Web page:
The Third Osage Minerals Council has taken their oaths of office but a resolution passed June 18 to ban Councilwoman Cynthia Boone by the Second OMC remains. However, like Osage Congressional resolutions, the minerals council resolution passed does not have the authority of law to keep Boone out.
“We do not enforce resolutions and policies of that nature but we do enforce criminal law,” said Osage Nation Police Chief Nick Williams. “This isn’t the first time we’ve had to explain this. Resolutions do not enforce us to act upon it, by [Osage Nation] law.”
The resolution passed describes Boone as hostile and abusive when it comes to the council staff. Former OMC Chairman Andrew Yates said the resolution aims to prevent any further bullying behavior from Boone by banning her from the council office except during council meetings, committee meetings or when absolutely necessary.
The resolution received six yes votes from Yates, Galen Crum, Joseph “Sonny” Abbott, Curtis Bear, Melvin Core and Myron Red Eagle. Boone was the lone no vote and Dudley Whitehorn abstained.
Yates, Crum and Boone were all re-elected to the third council.
Boone is serving her third consecutive term making her the first council member to do so since the Osage government reformed in 2006 – and making her the first woman.
“The council had no right to pass that resolution, their actions will adversely affect my fiduciary responsibility to the headright owners, they can’t keep me from going to the office,” Boone said in June. “I’m the only woman on this [Second] council and I think the actions taken out against me is harassment.”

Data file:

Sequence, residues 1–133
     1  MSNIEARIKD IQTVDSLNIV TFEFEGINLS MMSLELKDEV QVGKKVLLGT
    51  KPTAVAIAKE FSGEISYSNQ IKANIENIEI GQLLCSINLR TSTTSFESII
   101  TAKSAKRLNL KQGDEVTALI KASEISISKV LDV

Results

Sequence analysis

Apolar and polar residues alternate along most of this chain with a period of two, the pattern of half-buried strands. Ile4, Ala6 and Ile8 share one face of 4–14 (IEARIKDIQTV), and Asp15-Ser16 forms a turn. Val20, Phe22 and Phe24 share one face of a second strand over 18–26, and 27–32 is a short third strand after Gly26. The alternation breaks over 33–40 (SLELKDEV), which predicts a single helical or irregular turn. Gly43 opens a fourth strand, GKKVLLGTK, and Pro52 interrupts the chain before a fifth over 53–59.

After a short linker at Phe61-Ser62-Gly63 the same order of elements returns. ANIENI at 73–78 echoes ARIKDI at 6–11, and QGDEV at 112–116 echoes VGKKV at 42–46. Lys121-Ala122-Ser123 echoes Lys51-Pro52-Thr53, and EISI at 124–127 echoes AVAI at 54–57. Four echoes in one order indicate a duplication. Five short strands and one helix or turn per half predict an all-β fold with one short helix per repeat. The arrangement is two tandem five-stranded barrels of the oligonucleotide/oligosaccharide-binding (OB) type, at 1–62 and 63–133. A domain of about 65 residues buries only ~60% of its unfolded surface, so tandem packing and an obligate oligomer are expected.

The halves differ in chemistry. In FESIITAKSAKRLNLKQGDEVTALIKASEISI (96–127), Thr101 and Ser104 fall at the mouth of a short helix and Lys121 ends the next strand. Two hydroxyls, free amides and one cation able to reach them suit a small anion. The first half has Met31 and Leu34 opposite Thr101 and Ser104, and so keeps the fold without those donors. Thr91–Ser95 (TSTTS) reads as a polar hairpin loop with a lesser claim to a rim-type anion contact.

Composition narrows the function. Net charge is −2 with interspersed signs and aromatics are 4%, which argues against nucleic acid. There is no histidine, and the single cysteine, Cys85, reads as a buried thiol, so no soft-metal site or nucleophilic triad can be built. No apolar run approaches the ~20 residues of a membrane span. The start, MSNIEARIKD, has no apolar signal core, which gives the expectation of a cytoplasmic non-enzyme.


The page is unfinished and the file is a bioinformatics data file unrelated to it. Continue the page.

At the heart of the dispute is OMC staff member Dena Rackliff. Since January of 2013, five police reports mention Rackliff and Boone.
“[Boone’s] been harassing Dena Rackliff,” said Yates. “Whenever she would have a court date Cynthia [Boone] would show up. [Rackliff’s] lawyer would say, she is being stalked by Cynthia. Cynthia shows up randomly in town wherever she is, according to Dena.”
Rackliff said she could not comment for this article.
Yates said Boone’s harassment of the office staff has been going on for four years and maybe longer. He said in 2011 he became aware of Boone’s treatment toward the staff after Councilman Crum was elected chairman. Crum told the rest of the council what he was hearing.